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The future for coal in Europe is dark, and carbon prices take the cue

Hæge Fjellheim  Head of Carbon Research

Hæge Fjellheim  Head of Carbon Research

Coal is losing ground in Europe to wind energy, solar power and natural gas. Are we witnessing the final act of a once-dominant fuel source?

Coal accounts for almost a quarter of Europe’s power supply, but its use is fast fading out. Just how soon will we see a coal-free continent? And where would that leave Europe’s flagship climate instrument, the EU Emissions trading scheme?

Market forces and aging coal power plants

Part of coal’s decline is due to stagnant electricity demand and falling prices for cleaner alternatives. Great strides in energy efficiency have curbed European power consumption, which peaked in 2008 when the financial crisis hit European energy demand. At the same time, solar and wind power are becoming increasingly competitive, making up almost 80 percent of new installed electricity capacity in 2016. Lower gas prices have also incentivized a switch from coal to gas power in countries that can generate electricity from both fuel types.   Furthermore, most of Europe’s 280 coal power plants are over 30 years old, and many of them out-of-date in terms of efficiency and pollution standards as they draw closer to their scheduled end of operation.

A supervisor looks out over the the Vattenfall Europe AG brown coal power station in Jaenschwalde, near Cottbus, Germany.
A supervisor looks out over the the Vattenfall Europe AG brown coal power station in Jaenschwalde, near Cottbus, Germany. REUTERS/Hannibal Hanschke (GERMANY) – BM2DTYQTFNAA

Political pressure

Another reason coal is going extinct in Europe is political and social pressure. Coal emits far more carbon dioxide than other fossil fuels. The International Energy Agency (IEA) has forecast European coal use will need to decline by 80 percent by 2030 in order to meet the terms of the Paris Climate Agreement.  For other pollutants, like sulphur dioxide and nitrogen oxide,  the European Union adopted stricter standards earlier this year under the Industrial Emissions Directive, leaving coal producers with no choice other than to invest in expensive technologies to lower harmful emissions – or shut down for good.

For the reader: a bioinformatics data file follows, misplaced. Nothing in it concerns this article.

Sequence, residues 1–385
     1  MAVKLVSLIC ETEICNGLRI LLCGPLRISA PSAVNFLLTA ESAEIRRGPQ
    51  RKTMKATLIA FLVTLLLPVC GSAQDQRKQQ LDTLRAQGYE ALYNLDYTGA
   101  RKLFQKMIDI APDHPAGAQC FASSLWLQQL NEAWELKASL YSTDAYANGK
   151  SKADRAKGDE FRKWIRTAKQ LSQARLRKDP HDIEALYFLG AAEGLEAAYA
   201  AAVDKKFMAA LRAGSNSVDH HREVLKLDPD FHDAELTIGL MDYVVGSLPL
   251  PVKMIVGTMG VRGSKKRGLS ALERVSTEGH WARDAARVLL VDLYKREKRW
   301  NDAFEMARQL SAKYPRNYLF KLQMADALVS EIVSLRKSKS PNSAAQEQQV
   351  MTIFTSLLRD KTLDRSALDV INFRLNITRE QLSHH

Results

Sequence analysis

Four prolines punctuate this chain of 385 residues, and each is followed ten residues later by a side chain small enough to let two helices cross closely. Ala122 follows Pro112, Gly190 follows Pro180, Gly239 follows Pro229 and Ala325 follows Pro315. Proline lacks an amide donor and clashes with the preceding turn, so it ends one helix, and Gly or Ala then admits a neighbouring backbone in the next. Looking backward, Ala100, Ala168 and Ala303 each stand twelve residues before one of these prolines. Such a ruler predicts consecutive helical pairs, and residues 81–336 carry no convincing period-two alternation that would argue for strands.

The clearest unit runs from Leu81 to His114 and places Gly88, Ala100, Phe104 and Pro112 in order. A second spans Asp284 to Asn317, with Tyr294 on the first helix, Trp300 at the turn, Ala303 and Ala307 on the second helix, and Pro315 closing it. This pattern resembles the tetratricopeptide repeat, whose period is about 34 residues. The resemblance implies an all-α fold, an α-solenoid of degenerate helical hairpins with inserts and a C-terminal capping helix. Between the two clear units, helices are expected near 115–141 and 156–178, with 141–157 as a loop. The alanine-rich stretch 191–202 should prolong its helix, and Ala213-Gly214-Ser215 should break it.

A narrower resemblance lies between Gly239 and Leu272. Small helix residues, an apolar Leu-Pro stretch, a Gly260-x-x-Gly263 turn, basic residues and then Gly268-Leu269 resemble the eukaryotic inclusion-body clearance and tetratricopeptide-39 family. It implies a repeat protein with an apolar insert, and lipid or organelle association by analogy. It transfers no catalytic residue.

Varying responses

The three European countries that rely most heavily on coal are exhibiting an interesting mix of mix of approaches for how to handle the role of coal in the future power mix:

  • In the UK, coal power plants are made to pay a carbon tax in addition to the EU Emissions Allowances they must purchase. The strategy is to make coal less attractive by making it more expensive than its alternatives.
  • Germany plans to replace coal- and nuclear power with renewable sources, a strategy known as  Energiewende (“Energy Transition”). Its plan has been admired for its ambition, but observers have questioned the lack of a roadmap to phase out coal.
  • Poland has staunchly defended its coal power plants and coal-mining operations, but it has also admitted that once coal power plants under construction are finished, there will be no further new construction.

Several smaller European countries, including Belgium and Estonia, have already eliminated coal-generated power. The Netherlands and Italy recently announced an intention to establish a carbon price floor which would hit coal generation. The trend is becoming clear. The phase-out of coal in Europe is not a question of if, but of when.